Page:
6 F J. Chem. Inf. Model., Vol. xxx, No. xx, XXXX NING ET AL. SVM models. To overcome this problem, we use the approach described in Saigo et al. 48 that converts a symmetric matrix into positive semidefinite by subtracting from the diagonal of the matrix its smallest negative eigenvalue. For the rest of the discussion, we will assume that this transformation has been applied to the K seq t and K t functions Multi-Assay-Based SAR Models using Multi- Ranking. Finally, motivated by classification approaches that determine the class of an unknown instance by combining predictions of a set of different classifiers, known as classification ensembles, we developed an alternate method to improve the quality of a specific target s SAR model by taking advantage of the activity information of its m related targets R i ) {t i1, t i2,..., t im }. The main idea of this approach, referred to as multi-ranking, is to learn m 1 different SAR models, one for t i and one for each target in R, use each of these models to compute a prediction score for an unknown compound c i, and then determine the overall prediction score for c i with respect to target t i, by combining the m 1 individual predictions. The rationale behind this approach is that the SAR models of t i s most similar targets should be able to detect the compounds that are active against t i, and as such, they can be used to re-enforce the predictions obtained from t i s own SAR model. In the multi-ranking methods, each of the m 1 SAR models are learned using the SVM-based framework described in Section 2.2. Specifically, for a target t j {t i } R i, its SAR model is learned using its active compounds C j as the positive instances and C - j as the negative instances. The m 1 individual prediction scores are combined by taking into account two factors. First, the relative importance of t i s own prediction over that of its m related targets, and second, the relative importance of the m most similar targets among themselves. These two factors are similar to those discussed earlier in the context of semi-supervised learning for assigning different weights to the newly labeled compounds (Section 2.5.2). We developed three different schemes for accounting for these two factors. Let s i be the prediction score for compound c l obtained by t i s SAR model, and let s ij be the prediction scores obtained from the SAR models of t i s m most similar targets. Then the overall prediction score s i for the three schemes is given by s i )Rs' i s i )Rs' i 1 -R m 1ejem 1 -R sim t (t i, t ij ) 1ejem where R (0 e R e 1) is a parameter that controls the relative importance of t i s own prediction over the predictions obtained from the other targets to the overall prediction score. The predictions from the other targets are incorporated by the second term of the above equations. Equation 9 simply uses the average prediction score, whereas eqs 10 and 11 are based on the CWS R sim and CWS R schemes (Section 1ejem 1ejem s' ij (9) sim t (t i, t ij )s' ij (10) s i )Rs' i 1 -R 2 -j s' 2 -j ij (11) 1ejem Figure 1. Distribution of protein targets ), respectively. We refer to these three prediction combination schemes as MWS R eql, MWS R sim, and MWS R, respectively. 3. MATERIALS 3.1. Data Sets. We evaluated the performance of the multi-assay-based SAR models using a set of 146 protein targets and their ligands that were derived from various target-specific dose-response confirmatory screening assays. These screens were performed by the National Institute of Health s Molecular Libraries Probe Production Centers Network (MLPCN) and are available in PubChem. 49 For each protein target, its set of active compounds was determined using the activity assessment provided by the screening centers. Compounds that showed different activity signals in different assays against the same target were filtered out. For each of the protein targets, a baseline SAR model was learned, and its performance was assessed using a 5-fold cross validation. Since the goal of this work is to improve the performance of SAR models, we eliminated the set of targets for which their baseline SAR models achieved an ROC score greater of 0.80 (i.e., targets for which good models can be built by existing methods). This filtering resulted in 117 targets, ligands, target ligand activity pairs (compounds can show activity against multiple protein targets) and an average of 138 active compounds per target. The distribution of the 117 protein targets in terms of their biological activity is shown in Figure Chemical Compound Descriptor. The chemical compounds were represented using the topological descriptors based on graph fragments (GF). 50 The GF descriptors correspond to all connected subgraphs up to a user-specified length that exist in a compound library. Comparisons against other popular topological descriptors (extended connectivity fingerprints, Maccs keys (MDL Information Systems Inc.), and frequent subgraph descriptors) have shown that the GF descriptors lead to a chemical compound representation that captures its structural characteristics effectively. As a result, its performance is either better than or comparable to that achieved by currently used descriptors for the tasks of building SVM-based SAR models and of similarity searching. The GF descriptors were generated using the AFGEN 51 program, and they contained all the graph fragments of size four to seven bonds Support Vector Machines. We used the publicly light 52 available support vector machine tool SVM that implements an efficient soft margin optimization algorithm. In all of our eriments, we used the default parameters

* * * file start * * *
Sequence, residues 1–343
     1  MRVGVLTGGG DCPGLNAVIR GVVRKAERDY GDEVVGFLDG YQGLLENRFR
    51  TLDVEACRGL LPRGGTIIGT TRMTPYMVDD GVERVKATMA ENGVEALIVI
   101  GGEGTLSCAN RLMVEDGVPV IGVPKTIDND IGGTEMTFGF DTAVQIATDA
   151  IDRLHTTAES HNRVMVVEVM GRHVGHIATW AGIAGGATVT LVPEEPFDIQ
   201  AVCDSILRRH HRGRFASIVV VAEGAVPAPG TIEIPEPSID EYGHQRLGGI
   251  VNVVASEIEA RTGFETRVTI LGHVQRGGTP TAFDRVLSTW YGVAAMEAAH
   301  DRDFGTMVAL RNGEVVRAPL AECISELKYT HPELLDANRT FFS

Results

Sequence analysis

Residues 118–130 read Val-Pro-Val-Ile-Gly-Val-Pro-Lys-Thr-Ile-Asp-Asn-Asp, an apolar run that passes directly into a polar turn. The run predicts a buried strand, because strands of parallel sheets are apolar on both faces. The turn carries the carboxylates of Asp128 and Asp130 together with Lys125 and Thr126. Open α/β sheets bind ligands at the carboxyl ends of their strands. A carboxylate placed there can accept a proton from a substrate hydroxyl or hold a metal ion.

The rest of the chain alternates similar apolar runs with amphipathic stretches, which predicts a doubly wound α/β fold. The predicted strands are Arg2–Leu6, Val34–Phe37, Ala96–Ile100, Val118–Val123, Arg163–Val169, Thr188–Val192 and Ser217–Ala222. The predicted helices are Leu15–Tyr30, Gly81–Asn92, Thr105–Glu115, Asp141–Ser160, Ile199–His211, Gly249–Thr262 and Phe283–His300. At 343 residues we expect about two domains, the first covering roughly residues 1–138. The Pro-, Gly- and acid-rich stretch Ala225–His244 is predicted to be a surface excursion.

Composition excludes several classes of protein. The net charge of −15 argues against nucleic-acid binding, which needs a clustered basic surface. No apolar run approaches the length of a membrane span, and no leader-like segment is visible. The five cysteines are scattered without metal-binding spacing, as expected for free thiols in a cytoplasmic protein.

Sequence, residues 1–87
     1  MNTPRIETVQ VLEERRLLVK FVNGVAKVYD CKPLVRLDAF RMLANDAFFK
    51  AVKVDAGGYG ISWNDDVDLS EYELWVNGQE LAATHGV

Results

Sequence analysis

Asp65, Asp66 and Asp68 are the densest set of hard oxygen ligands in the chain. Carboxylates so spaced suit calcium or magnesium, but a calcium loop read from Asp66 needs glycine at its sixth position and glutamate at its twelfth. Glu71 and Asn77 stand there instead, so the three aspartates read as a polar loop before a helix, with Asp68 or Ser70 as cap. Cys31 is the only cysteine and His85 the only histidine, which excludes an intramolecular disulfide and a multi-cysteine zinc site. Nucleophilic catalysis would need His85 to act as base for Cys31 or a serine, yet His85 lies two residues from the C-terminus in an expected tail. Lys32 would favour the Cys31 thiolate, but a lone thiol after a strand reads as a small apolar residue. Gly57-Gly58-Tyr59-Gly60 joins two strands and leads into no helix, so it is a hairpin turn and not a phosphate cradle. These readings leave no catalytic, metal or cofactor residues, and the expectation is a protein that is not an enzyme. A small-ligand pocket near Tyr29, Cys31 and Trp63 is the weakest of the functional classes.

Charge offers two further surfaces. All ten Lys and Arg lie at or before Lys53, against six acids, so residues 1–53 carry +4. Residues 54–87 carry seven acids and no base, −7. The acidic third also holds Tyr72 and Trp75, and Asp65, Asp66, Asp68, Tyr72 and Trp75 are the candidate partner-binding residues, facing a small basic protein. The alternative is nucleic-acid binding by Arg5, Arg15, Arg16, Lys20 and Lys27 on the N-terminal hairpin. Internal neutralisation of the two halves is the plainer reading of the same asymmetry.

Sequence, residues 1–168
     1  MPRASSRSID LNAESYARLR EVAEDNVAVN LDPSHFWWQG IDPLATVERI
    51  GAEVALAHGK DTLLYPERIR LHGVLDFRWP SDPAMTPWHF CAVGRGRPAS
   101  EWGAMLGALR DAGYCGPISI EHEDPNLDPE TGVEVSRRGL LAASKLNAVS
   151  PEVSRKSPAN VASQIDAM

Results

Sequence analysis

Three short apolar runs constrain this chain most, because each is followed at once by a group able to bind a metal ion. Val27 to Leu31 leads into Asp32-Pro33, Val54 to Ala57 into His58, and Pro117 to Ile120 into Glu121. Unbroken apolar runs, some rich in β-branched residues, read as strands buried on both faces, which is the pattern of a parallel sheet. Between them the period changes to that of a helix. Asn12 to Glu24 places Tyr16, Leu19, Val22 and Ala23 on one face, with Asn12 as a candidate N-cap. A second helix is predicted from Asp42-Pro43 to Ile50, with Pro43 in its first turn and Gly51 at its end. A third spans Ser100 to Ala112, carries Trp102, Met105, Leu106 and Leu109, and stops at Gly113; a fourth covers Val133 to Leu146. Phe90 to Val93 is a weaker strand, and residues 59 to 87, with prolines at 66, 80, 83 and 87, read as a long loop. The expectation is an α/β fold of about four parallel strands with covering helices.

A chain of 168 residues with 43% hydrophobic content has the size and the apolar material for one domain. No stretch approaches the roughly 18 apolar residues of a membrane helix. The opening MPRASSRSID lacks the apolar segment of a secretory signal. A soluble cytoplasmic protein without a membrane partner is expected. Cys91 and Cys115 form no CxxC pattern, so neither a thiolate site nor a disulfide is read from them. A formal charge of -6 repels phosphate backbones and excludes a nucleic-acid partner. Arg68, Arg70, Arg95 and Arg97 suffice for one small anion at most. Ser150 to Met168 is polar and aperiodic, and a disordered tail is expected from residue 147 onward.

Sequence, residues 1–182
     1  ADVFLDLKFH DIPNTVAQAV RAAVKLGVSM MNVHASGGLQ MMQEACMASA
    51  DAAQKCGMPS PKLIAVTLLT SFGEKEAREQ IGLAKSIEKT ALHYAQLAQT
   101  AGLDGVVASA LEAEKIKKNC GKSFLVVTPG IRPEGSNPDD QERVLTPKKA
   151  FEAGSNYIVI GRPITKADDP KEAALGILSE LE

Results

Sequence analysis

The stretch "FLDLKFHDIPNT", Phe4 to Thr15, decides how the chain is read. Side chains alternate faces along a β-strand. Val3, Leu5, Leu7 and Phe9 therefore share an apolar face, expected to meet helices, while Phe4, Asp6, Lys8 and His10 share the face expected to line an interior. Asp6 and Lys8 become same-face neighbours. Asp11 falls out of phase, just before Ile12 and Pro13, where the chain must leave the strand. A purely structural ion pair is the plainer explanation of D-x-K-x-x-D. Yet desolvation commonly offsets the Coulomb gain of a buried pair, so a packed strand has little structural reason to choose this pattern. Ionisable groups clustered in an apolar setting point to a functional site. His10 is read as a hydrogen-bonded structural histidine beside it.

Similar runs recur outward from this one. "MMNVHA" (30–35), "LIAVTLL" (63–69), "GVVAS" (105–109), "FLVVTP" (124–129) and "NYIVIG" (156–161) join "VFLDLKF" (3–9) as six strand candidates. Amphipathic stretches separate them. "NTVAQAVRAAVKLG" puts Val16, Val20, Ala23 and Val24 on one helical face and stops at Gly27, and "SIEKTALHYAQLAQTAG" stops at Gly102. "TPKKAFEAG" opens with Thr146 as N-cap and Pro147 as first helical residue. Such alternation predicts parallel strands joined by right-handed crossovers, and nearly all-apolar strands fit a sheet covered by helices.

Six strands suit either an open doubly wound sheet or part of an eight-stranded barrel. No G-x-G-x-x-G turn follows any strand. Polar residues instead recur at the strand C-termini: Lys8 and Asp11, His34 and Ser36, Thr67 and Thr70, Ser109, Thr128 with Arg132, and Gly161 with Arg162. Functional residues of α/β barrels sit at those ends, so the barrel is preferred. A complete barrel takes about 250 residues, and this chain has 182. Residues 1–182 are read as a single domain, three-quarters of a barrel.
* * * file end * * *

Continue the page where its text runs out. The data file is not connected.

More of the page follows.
7 STRUCTURE-ACTIVITY RELATIONSHIP MODELS J. Chem. Inf. Model., Vol. xxx, No. xx, XXXX G Table 1. Performance Improvements of Multi-Assay-Based Semi-Supervised Learning Methods a LS knn CWS R LS LP CWS R m U i H i CWS none H i CWS none seq % -3.8% -2.0% -1.8% -0.9% % -3.5% -2.3% -2.5% -2.0% % -3.0% -2.2% -1.3% -1.0% % -6.5% -5.9% -5.8% -4.1% % -3.7% -2.9% -2.1% -1.3% % -7.8% -7.6% -7.0% -6.2% % -2.6% -1.7% -2.2% -1.6% % -7.3% -7.1% -7.3% -6.6% % -3.0% -2.5% -2.3% -1.9% % -8.3% -8.0% -7.5% -6.8% % -0.4% 0.9% 0.8% 0.9% % 0.7% 1.7% 1.3% 0.8% % -1.0% 0.5% 1.2% 0.9% % 0.2% 1.5% 1.5% 1.8% % -1.5% -0.2% 0.6% 0.8% % 0.4% 0.8% 0.9% 1.5% % -1.2% -0.5% 0.4% 0.5% % -0.5% -0.4% 0.6% 0.9% % -1.2% -0.4% -0.5% -0.1% % -1.0% -0.9% 0.0% 0.8% % -0.4% 0.8% 0.5% 0.8% % -0.6% 0.0% -0.9% -0.8% % -0.9% -0.5% -0.2% 0.2% % -0.5% -0.5% -0.5% -0.4% % -1.0% -0.8% -0.5% 0.6% % -1.5% -1.3% -1.2% -1.1% % -1.5% -1.4% -0.6% -0.4% % -1.7% -1.6% -1.9% -1.9% % -1.7% -1.3% -1.2% -1.2% % -2.3% -2.2% -2.0% -2.2% a In this table, m is the number of related targets, U i is the total number of unlabeled compounds, H i is the number of unlabeled compounds that were labeled as positive by the two labeling schemes (LS knn and LS LP ). The columns labeled 0.2, 0.4, 0.8, and 0.9 correspond to the value of the R parameter for CWS R. The LS LP was applied on the five-nearest-neighbor graph of the labeled and unlabeled compounds. The K t target-to-target similarity used k ) 5. Bold-faced numbers indicate the best-performing scheme under a certain combination of target-to-target similarity function and labeling scheme. Underlined numbers represent schemes with positive improvements. for solving the quadratic programming problem and the default regularization parameter C that controls the margin width Evaluation Methodology and Metrics. The performance of the different methods was evaluated using a 5-fold cross validation framework. For each target t i, its set of positive C i and negative C ī compounds were split into five equal-size parts (folds). The compounds in each subset of four folds were used to train a model, which was then used to predict the compounds of the left-out fold. Note that in the case of the approaches based on semisupervised learning, some of the newly labeled positive compounds (i.e., H i ) may already be in the test set. In such cases, we removed from H i all these compounds. This allows us to use exactly the same test sets for all the different schemes. This step tends to remove around 2.5% of the newly labeled compounds from H i. The quality of the SAR models was measured using the ROC score, 53 which is the normalized area under the curve that plots the true positives against the false positives for different thresholds for classification. Since a 5-fold cross validation was used, the computed ROC scores correspond to the average of the 5-folds. During the erimental evaluation, we primarily report the average ROC improvements achieved by a method over the baseline models across the 117 protein targets, which was computed as the ratio of the ROC score of our schemes over that obtained by the baseline method. We used the geometric mean to compute these average improvements, as it is better suited for averaging ratios. 4. RESULTS We performed a comprehensive study of the various parameters of the multi-assay-based methods, described in Section 2, in order to assess the extent to which they lead to SAR model improvements. In the rest of this section we present and summarize the key results from this study. All comparisons are done against the performance achieved by the baseline SAR models (Section 2.2). The results being presented correspond to some of the best performing combinations of the various parameters for the different schemes. The complete set of results are available as part of the Supporting Information, xning/supplementary/ Performance of the Methods Based on Semi- Supervised Learning. Table 1 shows the average improvements achieved by the multi-assay-based semi-supervised learning methods over the baseline methods over the entire set of targets in our data set. These results show that for certain parameter combinations the multi-assay-based semisupervised learning approaches can achieve consistent improvements over the baseline model. The best performance achieved by the multi-assay-based semi-supervised learning approach is an average improvement of 1.8% (K t with LS LP ). Comparing the performance achieved by the three targetto-target similarity measures, we see that K t achieves consistently better results, whereas the results achieved by K seq t are consistently the worst. The performance of K t is between these two. These results suggest that the ligandbased similarity measures can better identify the proteins whose binding sites have similar characteristics than those based on sequence alignment scores. This is not surprising as the ligand-based similarity measures allow for the indirect comparison of the proteins binding sites, whereas the alignment-based methods may fail to compare the actual binding sites. One reason for the performance difference between K t and K t is due to the differences in the number of unlabeled instances that exist in the sets of related targets identified by these two methods. The set of related targets